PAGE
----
“You are, and I’m not joking about this, you are the most important profession in the United States,” Biden said. “You are the ones that … give these kids wings. You give them confidence. You let them believe in themselves. You equip them.
“And I promise you, you will never find in American history a president who is more teacher-centric and more supportive of teachers than me.”
Biden noted his wife, Jill Biden, is a veteran educator — and a member of the National Education Association — and his late first wife was a teacher as well. He has promised to name an educator as education secretary to succeed Betsy DeVos, Trump’s controversial choice.
Biden’s tone and view of public education was in sharp contrast to that of Trump, who said in his Friday speech at Mount Rushmore in South Dakota that public schools are teaching kids to “hate our country” with “a new far-left fascism that demands absolute allegiance.”
Trump, in a smack at public schools and teachers, said, “Against every law of society and nature, our children are taught in school to hate their own country and to believe that the men and women who built it were not heroes but that [they] were villains. The radical view of American history is a web of lies. All perspective is removed, every virtue is obscured, every motive is twisted, every fact is distorted, and every flaw is magnified until the history is purged and the record is disfigured beyond all recognition.”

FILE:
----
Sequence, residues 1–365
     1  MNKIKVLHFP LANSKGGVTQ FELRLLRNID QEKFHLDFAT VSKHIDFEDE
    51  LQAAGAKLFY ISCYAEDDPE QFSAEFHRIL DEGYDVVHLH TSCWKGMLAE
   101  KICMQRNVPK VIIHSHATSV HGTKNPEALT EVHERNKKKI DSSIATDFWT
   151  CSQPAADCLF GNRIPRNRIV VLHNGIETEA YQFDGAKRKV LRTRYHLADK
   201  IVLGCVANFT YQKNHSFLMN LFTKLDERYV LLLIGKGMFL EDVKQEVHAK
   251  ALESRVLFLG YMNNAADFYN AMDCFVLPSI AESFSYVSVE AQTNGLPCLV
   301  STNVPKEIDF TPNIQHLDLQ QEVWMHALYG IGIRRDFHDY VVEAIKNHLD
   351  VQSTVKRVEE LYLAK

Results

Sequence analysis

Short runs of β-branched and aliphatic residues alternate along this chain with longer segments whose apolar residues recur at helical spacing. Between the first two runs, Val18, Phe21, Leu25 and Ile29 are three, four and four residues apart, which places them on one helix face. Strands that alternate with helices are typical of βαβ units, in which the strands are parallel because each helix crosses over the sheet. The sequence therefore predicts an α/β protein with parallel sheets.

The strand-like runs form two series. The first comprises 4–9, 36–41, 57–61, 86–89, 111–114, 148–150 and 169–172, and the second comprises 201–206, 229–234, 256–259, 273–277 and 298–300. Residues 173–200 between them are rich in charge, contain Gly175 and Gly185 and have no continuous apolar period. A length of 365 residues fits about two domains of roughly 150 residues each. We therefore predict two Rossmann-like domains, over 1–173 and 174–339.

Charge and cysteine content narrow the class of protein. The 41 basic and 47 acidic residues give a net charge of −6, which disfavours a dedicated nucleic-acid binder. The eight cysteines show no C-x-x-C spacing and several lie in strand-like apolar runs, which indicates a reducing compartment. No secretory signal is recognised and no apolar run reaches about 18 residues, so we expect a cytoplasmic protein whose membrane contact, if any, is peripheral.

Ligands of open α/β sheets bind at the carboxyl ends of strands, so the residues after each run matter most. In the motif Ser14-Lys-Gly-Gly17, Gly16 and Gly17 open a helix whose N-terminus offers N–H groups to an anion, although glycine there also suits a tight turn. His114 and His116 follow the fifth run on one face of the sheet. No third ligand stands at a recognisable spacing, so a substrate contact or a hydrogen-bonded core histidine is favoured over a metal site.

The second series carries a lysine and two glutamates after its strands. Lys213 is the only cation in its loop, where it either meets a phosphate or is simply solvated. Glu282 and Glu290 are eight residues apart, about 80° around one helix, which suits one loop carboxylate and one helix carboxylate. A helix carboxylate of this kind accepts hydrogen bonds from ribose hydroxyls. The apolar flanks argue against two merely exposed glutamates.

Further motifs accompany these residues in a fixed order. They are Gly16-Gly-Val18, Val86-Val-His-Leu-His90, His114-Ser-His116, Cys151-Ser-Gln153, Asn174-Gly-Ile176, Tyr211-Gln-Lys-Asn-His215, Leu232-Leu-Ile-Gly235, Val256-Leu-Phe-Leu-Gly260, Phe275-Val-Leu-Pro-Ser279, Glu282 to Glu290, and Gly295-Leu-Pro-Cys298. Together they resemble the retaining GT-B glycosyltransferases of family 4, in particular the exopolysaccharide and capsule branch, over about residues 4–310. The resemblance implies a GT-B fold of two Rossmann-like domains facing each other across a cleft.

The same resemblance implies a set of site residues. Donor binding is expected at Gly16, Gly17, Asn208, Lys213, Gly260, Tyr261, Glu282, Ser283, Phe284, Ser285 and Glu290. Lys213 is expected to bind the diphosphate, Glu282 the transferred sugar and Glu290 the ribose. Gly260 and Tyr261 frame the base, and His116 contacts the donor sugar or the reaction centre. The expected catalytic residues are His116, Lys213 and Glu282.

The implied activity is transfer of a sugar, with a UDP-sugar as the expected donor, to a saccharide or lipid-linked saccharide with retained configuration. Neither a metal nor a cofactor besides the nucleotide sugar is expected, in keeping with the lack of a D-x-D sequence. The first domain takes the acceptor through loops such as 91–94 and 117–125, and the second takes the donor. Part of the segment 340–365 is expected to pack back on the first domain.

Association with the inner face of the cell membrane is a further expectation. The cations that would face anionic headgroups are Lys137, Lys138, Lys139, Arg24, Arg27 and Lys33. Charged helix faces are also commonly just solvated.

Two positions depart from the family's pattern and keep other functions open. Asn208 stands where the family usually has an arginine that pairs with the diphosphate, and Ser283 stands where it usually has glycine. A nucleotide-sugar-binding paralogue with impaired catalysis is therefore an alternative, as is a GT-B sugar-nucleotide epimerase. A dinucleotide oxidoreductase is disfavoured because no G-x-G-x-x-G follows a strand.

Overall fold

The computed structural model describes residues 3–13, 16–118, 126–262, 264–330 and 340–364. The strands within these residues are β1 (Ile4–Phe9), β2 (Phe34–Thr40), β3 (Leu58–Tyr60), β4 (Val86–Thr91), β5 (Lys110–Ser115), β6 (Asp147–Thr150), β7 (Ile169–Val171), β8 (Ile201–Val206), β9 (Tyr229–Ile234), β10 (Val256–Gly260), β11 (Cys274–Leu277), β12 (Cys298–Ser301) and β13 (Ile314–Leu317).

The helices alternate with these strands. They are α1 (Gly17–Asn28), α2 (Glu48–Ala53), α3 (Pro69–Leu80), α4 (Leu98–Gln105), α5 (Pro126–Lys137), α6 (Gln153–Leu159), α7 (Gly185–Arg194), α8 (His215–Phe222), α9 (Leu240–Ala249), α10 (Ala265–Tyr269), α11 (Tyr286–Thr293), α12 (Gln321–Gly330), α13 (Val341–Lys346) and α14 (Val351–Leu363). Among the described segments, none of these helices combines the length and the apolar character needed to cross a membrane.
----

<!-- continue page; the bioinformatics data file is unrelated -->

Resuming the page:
Biden was vice president for two terms to President Barack Obama, whose Education Department pushed a school agenda that included high-stakes use of students’ standardized test scores to evaluate teachers, the expansion of charter schools and the Common Core State Standards.
Though the NEA and the American Federation of Teachers had supported Obama in the 2008 and 2012 general elections, they turned against Arne Duncan, Obama’s long-serving education secretary, for policies they said harmed teachers, and the NEA called for him to resign in 2014.
Biden was never at the forefront of the Obama education agenda, but Randi Weingarten, president of the American Federation of Teachers, the second-largest teachers union, has said when the AFT was not getting along with the Obama administration, Biden was “our north star” and our “go-to guy who always listened to us.”
Biden has said that as president he would, among other things, triple federal funding for high-poverty schools, increase teachers’ salaries and ban for-profit charter schools. He has also expressed opposition to standardized testing.
Biden said at the NEA event that it was time for teachers to have more control over what happens in the classroom. “You should have more input on what you teach, how you teach it, and when you teach it,” he said. “You are the ones in the classroom. You should have more input.”
Biden was lauded at the event by Lily Eskelsen García, who was elected president of the NEA, the country’s largest labor union, in 2014 and is about to step down.
“As president of the United States, Joe Biden will fire Betsy DeVos on his first day in office, replacing her with an education secretary who comes from a public school classroom and believes that educators should be essential partners when crafting education policy,” Eskelsen García said in a news release. “He will work to dismantle systemic racism that prevents too many Native, Black, and Hispanic Americans from reaching their full potential, while building an economy that works for all Americans.”